Monday, November 30, 2015


30 November 2015: Sorry about the brief hiatus from the blog - I had a medical issue that kept me off the computer for a few days and then it was Thanksgiving here in the United States which of course required travel out of town. So now I am back, and all things remaining somewhat calm, I will try to resume posting interesting items several times a week. I hope the following will entertain you as much as it did me!

Manta Rays: (from Wikipedia)
The name "manta" is Portuguese and Spanish for mantle (cloak or blanket), a type of blanket-shaped trap traditionally used to catch rays.[3] Mantas are known as "devilfish" because of their horn-shaped cephalic fins, which are imagined to give them an "evil" appearance.[4]

Manta rays are members of
Chondrichthyes, fish with tough cartilage rather than bone in their skeletons.[5] Mantas are among the Elasmobranchii (sharks and rays), in the superorder Batoidea (rays and skates) and the order Myliobatiformes (stingrays and relatives).[2] The genus Manta is part of the eagle ray family Myliobatidae, where it is grouped in the subfamily Mobulinae along with the devil rays.[6] Mantas evolved from bottom-dwelling stingrays, eventually developing more wing-like pectoral fins.[7] M. birostris still has a vestigial remnant of a sting barb in the form of a caudal spine.[8] The mouths of most rays lie on the underside of the head, while in mantas they are right at the front.[9] Manta rays and devil rays are the only ray species that have evolved into filter feeders.[2]
We tend to think of sting rays or the smaller eagle rays (I have dived with both around my winter home and they are beautiful) when we picture a "ray" but they pale in comparison to the majestic Manta. While the sting ray can grow a wingspan of 4 or 5 feet, the Manta will spread 18 to 23 feet! They prefer warmer water and are more often seen the in the Pacific than in the Atlantic or Caribbean. (There have been rare sightings in the Western Caribbean.)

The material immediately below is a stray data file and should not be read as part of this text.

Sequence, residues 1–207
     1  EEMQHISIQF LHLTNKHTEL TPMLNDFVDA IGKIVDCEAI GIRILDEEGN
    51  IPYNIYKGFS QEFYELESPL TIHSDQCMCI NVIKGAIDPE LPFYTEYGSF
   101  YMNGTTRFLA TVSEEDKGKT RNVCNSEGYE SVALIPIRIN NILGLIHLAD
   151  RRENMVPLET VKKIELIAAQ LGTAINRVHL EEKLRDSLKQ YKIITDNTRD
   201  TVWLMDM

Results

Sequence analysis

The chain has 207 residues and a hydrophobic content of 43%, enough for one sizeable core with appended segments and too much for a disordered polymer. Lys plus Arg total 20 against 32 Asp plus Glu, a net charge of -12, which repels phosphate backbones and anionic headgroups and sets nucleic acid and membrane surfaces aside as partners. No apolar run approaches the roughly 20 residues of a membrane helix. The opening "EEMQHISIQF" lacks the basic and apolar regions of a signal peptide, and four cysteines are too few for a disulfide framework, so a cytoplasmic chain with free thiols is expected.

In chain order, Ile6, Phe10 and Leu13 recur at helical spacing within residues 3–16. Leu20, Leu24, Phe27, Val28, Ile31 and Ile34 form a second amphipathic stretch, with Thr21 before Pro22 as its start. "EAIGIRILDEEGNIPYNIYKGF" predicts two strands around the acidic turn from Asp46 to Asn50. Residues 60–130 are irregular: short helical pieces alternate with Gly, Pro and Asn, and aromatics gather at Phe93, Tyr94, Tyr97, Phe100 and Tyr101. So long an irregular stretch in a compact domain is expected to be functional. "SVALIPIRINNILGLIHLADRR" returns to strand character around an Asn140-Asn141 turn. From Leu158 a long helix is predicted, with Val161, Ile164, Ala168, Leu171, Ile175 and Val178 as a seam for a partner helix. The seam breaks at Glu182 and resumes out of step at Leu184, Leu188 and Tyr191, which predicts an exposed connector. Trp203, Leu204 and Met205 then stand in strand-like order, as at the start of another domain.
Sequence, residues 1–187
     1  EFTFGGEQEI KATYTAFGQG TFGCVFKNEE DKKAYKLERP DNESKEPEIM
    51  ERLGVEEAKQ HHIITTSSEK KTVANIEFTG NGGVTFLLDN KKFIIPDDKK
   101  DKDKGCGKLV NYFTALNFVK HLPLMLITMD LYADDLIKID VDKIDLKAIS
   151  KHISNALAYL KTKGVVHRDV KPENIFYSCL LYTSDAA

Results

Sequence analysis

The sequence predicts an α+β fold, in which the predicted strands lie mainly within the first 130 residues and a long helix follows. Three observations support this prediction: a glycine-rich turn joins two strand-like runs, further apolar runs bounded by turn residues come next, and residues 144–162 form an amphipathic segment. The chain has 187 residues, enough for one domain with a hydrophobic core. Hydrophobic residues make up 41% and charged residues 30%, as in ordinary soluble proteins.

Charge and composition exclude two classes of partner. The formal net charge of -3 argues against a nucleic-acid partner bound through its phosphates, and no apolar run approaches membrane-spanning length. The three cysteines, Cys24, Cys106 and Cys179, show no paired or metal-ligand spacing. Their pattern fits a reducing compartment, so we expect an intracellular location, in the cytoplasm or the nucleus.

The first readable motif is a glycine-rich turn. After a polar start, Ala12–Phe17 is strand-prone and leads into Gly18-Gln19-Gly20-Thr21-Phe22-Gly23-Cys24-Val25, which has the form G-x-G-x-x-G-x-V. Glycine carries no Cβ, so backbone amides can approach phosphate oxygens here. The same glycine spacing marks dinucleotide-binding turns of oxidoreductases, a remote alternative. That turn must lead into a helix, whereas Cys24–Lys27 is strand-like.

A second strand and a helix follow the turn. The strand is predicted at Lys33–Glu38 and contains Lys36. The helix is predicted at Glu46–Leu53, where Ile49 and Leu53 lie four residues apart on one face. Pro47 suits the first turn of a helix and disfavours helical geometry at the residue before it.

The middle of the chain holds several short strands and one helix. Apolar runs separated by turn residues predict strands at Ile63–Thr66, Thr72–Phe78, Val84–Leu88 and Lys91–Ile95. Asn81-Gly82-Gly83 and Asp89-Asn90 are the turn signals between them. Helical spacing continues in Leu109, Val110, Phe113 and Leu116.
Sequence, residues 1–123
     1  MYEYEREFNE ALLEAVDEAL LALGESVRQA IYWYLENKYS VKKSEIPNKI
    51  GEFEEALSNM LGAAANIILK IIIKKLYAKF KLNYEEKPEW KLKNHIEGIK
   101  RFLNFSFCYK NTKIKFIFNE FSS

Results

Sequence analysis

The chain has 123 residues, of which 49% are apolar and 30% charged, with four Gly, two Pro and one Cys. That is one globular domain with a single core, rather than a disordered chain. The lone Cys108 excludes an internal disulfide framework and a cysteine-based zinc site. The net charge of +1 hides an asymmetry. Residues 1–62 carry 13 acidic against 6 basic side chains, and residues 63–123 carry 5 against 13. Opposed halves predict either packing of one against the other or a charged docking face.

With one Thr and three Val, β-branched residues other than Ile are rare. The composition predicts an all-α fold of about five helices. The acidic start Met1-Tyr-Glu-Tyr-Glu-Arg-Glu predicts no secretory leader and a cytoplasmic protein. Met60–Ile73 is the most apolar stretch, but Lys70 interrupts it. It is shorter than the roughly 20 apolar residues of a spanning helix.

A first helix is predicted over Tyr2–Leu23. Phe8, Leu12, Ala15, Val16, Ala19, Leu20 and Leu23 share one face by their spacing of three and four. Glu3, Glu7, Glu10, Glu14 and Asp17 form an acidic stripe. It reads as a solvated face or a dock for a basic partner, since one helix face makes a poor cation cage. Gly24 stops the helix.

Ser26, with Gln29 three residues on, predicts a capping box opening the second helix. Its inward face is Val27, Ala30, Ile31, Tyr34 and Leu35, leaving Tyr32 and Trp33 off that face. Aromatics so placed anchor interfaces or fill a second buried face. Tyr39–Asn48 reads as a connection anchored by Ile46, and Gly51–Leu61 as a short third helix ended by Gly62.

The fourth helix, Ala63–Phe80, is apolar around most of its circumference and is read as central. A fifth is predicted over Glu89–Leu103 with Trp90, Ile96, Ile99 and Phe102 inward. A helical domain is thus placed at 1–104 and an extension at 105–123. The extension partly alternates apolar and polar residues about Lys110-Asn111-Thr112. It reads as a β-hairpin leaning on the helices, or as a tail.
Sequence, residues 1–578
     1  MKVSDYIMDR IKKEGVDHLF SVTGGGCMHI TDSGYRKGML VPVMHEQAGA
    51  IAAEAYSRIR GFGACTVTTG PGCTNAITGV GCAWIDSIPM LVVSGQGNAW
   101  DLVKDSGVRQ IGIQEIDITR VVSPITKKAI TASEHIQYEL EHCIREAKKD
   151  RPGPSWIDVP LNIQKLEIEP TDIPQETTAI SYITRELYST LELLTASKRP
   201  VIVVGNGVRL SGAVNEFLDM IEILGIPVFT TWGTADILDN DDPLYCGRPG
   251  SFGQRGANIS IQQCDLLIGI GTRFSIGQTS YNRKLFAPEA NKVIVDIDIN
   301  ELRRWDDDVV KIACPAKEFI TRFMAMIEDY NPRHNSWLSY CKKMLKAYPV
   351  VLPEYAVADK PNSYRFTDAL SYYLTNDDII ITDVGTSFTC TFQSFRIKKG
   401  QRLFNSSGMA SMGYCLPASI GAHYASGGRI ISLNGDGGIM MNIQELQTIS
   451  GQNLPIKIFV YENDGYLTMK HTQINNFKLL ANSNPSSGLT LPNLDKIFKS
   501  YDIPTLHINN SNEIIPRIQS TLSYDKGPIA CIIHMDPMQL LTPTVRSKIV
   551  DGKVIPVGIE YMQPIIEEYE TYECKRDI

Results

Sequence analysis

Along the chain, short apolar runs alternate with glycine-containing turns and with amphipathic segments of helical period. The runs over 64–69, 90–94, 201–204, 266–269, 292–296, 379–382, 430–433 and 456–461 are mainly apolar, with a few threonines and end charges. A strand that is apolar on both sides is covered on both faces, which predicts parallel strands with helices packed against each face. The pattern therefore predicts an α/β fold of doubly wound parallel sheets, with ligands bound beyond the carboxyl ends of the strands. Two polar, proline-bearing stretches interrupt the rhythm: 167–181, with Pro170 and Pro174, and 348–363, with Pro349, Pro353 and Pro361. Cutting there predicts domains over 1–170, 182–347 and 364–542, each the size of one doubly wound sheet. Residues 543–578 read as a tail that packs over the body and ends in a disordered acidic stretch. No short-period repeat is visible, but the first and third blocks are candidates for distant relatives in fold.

Here are a couple more pictures of these amazing fish and a video of them doing what they do..... it's pretty neat!

The video link is below:

Click here for the video - and turn on your sound! MANTAS FLYING

Hope you enjoyed watching these interesting critters!

Until next time,

                      Fair Winds,
                               Old Salt

Monday, November 23, 2015


23 November 2015: this is neat and I thank my pals at Gcaptain for sharing it with me:

New video released Friday by Russia’s Defense Ministry shows Russian navy ships launching cruise missiles at targets in Syria, in the Caspian sea, according to Ministry of Defense of the Russian Federation.

Russian Defense Minister Sergei Shoigu said Friday that warships in the Caspian fleet launched 18 cruise missiles at seven ISIS targets in Syria, killing 600 rebels, RIA news agency reported. (Note: not sure how they arrived at that number, but it sounds good!)

Here's a video of the missiles being launched: (just click the words below:)

Russian Missile Launch

More soon, friends! Until next time,

                            Fair Winds!

                                      Old Salt

Wednesday, November 18, 2015


18 November 2015: About a year ago, we posted a story regarding the CSS Hunley, the world's first successful submarine - successful in that it actually sunk an enemy ship, though it wound up on the bottom itself with its entire crew dead.

You may recall it was discovered in Charleston harbor by Clive Cussler's NUMA group and raised by the Navy in conjunction with civilian contractors. The hulk, remarkably intact and with the remains of the crew inside, was taken to the Warren Lasch Conservation Center in Charleston where an international team began the painstaking task of a: removing all the debris and mud that had filled the hull, b: removing the remains and identifying them, and c: stabilizing the ship for future examination.
This latter included leaching out the salt from the metal and removing the concretion of larine life that had actually protected the hull. Now that's all done.